On my recent trip to Alaska, I finally had a decent opportunity to photograph a bald eagle in flight. This was my 4th trip to Alaska but ironically I had never had this opportunity before. This is mainly because I had not spent much time in the coastal areas of Alaska. As we all know, if you want to see a specific bird or other animal, the best plan is traveling to where its food supply is. Since eagles mainly feed on fish, your best chances are in coastal areas.
On this occasion I was in Homer Alaska, which bills itself as the halibut capital of the world. One evening I saw an eagle up on a perch in a light falling drizzle in less than perfect light. The daylight was also waning as I waited nearly an hour to see if the eagle would leave its perch. Every few minutes I would take a test shot to meter the light and ensure that I would nail the exposure in the event the eagle would take flight and gave me the opportunity that so far had evaded me. I was about ready to give up when the eagle started to move and raise some optimism that it would soon fly.
I was shooting in manual exposure mode to ensure that the camera would not try to adjust the exposure as the color of the background changed. Having the camera automatically adjust the exposure when using aperture priority or shutter priority modes will result in incorrect exposures and lost shots if the color of the background changes. As long as the general level of light is not getting brighter or darker, manual exposure is the best approach to this type situation. While I waited, the correct exposure ranged from +1EV to about +1.67 or +2EV by the time the eagle flew. To get the correct exposure I had to overexpose the shots about 2-stops compared to what the camera metering system thought was the correct exposure. The white background filling at least 3/4 of the frame compared to the dark colored bird was fooling the metering system. So the photographer must trust the histogram if he intends to get the true, correct exposure.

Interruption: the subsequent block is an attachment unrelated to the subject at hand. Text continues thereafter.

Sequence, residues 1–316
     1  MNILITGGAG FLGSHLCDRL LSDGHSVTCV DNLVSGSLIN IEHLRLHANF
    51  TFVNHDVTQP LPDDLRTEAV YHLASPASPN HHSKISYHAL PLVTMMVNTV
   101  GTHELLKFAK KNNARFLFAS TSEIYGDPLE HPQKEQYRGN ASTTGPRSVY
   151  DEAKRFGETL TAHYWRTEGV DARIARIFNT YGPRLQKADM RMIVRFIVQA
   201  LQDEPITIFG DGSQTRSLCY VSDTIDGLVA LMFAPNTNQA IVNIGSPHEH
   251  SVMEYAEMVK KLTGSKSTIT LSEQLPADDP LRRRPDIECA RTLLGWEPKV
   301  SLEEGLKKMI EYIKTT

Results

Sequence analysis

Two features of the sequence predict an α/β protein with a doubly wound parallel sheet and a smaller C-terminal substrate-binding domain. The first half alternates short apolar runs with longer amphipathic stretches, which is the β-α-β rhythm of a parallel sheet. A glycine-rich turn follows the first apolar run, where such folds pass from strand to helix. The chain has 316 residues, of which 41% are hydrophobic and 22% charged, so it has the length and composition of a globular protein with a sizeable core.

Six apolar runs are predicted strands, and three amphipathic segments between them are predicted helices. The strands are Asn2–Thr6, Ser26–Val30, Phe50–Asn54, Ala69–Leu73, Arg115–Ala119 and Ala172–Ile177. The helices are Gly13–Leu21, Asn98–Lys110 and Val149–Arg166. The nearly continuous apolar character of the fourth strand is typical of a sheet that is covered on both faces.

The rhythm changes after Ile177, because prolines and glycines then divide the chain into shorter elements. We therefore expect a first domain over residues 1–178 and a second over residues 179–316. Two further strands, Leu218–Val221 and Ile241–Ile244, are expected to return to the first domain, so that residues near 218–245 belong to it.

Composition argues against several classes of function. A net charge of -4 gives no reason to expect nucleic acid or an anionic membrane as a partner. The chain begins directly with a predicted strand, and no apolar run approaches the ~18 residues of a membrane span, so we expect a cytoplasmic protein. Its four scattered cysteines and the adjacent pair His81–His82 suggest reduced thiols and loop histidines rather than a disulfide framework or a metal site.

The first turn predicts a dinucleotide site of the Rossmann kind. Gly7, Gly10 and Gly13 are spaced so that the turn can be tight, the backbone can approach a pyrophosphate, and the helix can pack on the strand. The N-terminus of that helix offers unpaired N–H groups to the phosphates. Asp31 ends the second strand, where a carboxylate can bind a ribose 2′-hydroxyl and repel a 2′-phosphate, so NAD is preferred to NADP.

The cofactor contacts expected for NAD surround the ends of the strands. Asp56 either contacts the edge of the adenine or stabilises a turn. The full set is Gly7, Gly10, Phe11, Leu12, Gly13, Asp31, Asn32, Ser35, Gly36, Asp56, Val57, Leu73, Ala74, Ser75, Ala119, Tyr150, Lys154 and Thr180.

For this entire series of images, the settings were 1/1600 @f4, iso 1600, (+2EV) with Canon 1DX camera and 500L f4 IS lens.
The eagle finally launched itself and I was firing immediately from the start. I seldom if ever shoot long bursts, but this was an occasion where such action was warranted. I knew it might be difficult to keep my focus sensor pattern trained on the eagle as it flew, so I used settings that caused the camera to delay searching for the subject in the event the focus sensors were not on the bird the entire time as I attempted to track its flight.
I ended up firing a burst of 37 consecutive shots in a period of just over 3 seconds. I managed to track the eagle relatively well through the flight and only lost focus as the bird banked and flew over my head. Upon reviewing the images on the rear LCD of my Canon 1DX, I found that about 32 of the 37 shots were tack sharp, and 2 or 3 more were acceptably sharp. The 2 shots that were unusable were the last 2 in the sequence where I no longer had the focus sensor pattern on the bird as it flew past me. (in other words, the 2 unusable shots were my fault, not the camera's).
With birds in flight, it's always good to have lots of in-focus shots so one can pick out the most flattering images with the most appealing wing positions. I chose several from this sequence and posted them below.
You can see more images from this trip on my website here:
Please feel free to click on the link above and take a look.